Two music videos directed by Bernard Rose during the 1980s are featured in Noel Murray’s article, “MTV After Dark: 15 R-rated (or at least PG-13) music videos of the ’80s” at A.V. Club

7. Frankie Goes To Hollywood, “Relax” (1983)

As much marketing strategy as musical endeavor, Liverpool pop group Frankie Goes To Hollywood was pushed by its label, ZTT, to be provocative, beginning with first single “Relax,” with its not-so-veiled descriptions of screwing and ejaculating. In the age when Prince was a chart-topper, the near-pornographic “Relax” was fairly common Top 40 fare. The twist was that the Frankie frontmen were openly gay, so the erotic imagery of the band’s ads, posters, and records tended toward the shamelessly priapic, rather than the neutered Ken-doll beefcake of “Physical” or “It’s Raining Men.” The original Bernard Rose-directed “Relax” video—banned by the BBC, and pretty much every other TV outlet worldwide—was set in a Fall Of Rome-themed leather bar, where hairy men clutch bananas and wrestle each other while a bloated emperor gets a shave and leers. Beyond merely cheeky, the “Relax” clip celebrates gay lust in a way that still seems radical, and was downright revolutionary amid the homophobic mainstream culture of the mid-’80s.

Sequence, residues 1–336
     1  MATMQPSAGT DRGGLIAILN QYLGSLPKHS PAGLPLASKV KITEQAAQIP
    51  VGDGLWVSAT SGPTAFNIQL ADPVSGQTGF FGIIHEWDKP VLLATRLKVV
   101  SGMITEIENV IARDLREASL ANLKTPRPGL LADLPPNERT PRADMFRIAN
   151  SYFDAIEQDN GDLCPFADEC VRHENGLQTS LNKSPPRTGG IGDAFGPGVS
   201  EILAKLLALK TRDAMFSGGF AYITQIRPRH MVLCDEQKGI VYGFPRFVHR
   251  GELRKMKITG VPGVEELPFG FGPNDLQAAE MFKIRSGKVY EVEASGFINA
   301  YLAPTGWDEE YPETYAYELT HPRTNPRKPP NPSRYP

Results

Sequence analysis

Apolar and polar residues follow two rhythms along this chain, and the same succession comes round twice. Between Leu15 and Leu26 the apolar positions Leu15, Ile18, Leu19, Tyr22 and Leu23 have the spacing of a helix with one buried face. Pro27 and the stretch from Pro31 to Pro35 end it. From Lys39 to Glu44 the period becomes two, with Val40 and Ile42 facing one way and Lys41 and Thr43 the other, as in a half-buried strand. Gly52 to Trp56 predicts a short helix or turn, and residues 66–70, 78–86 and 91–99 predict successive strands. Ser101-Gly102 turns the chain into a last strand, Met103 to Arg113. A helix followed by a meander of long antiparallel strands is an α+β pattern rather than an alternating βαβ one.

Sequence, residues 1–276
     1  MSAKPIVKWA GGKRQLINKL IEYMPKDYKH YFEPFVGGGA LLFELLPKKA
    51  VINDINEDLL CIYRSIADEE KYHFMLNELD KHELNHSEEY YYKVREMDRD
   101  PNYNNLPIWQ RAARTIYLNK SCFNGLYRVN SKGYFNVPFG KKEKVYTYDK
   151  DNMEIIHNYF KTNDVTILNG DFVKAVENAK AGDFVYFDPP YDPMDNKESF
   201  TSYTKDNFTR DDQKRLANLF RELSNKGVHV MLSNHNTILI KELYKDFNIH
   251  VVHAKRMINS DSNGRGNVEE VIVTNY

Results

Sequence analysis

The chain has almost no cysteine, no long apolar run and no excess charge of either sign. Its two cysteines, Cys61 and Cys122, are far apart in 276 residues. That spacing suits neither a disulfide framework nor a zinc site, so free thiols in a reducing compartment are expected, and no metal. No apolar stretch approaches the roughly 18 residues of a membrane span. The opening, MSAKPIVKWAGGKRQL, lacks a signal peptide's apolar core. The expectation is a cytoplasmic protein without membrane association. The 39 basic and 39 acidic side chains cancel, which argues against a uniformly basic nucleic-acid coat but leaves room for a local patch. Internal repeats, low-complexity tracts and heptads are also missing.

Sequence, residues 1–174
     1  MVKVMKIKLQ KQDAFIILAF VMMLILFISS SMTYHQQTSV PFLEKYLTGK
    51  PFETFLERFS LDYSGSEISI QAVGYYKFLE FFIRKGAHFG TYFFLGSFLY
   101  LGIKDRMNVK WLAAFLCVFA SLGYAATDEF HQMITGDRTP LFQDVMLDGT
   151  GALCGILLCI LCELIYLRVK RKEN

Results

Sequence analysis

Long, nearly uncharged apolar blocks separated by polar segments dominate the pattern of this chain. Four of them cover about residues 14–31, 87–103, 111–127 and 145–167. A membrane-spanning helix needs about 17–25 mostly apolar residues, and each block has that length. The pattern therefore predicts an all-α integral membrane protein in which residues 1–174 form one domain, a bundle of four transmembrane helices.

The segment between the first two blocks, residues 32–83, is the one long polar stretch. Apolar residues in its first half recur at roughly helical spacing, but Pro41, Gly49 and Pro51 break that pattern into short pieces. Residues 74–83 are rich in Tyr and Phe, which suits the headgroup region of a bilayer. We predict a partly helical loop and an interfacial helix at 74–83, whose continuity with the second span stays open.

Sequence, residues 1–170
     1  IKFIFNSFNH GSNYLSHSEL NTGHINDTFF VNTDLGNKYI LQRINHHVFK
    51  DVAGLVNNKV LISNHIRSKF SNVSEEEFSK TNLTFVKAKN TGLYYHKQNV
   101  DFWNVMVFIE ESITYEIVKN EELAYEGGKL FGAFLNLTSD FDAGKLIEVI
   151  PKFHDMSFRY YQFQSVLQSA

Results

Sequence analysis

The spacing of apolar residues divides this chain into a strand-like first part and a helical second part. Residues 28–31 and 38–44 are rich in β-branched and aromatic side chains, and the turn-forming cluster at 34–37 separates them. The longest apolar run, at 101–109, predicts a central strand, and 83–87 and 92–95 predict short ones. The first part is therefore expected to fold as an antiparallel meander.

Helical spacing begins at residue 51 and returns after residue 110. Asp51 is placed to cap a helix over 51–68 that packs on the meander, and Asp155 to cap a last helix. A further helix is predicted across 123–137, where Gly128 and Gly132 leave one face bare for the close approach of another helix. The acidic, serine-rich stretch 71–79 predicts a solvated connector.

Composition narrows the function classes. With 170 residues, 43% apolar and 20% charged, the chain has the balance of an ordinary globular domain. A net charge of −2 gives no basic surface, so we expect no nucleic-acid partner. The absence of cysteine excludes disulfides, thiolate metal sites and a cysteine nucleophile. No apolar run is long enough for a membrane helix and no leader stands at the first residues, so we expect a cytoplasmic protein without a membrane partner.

8. Bronski Beat, “Smalltown Boy” (1984)

Unlike the smut-for-smut’s-sake of so many ’80s videos, the eroticism of Bronski Beat’s “Smalltown Boy” serves a larger purpose. Echoing the storyline of the song, the Bernard Rose-directed clip shows lead singer Jimmy Somerville taking a train away from his hometown, reflecting on an incident in which he flirted with a handsome lad in the locker room of a swimming pool, and then was beaten to a pulp for it. The narrative and style of the “Smalltown Boy” video is a lot like the neo-kitchen-sink cinema that was becoming prevalent in the U.K. in the early ’80s (in movies like Stephen Frears’ My Beautiful Laundrette and Mike Leigh’s Meantime), with a focus on small details, like the hero’s estrangement from his father and the refuge he finds with like-minded friends. But the reason it all works so well is because the central crush isn’t abstract. The small-town boy of “Smalltown Boy” stares longingly at the half-naked body of the diver he fancies, and that sense of impossible want informs all the drama that follows.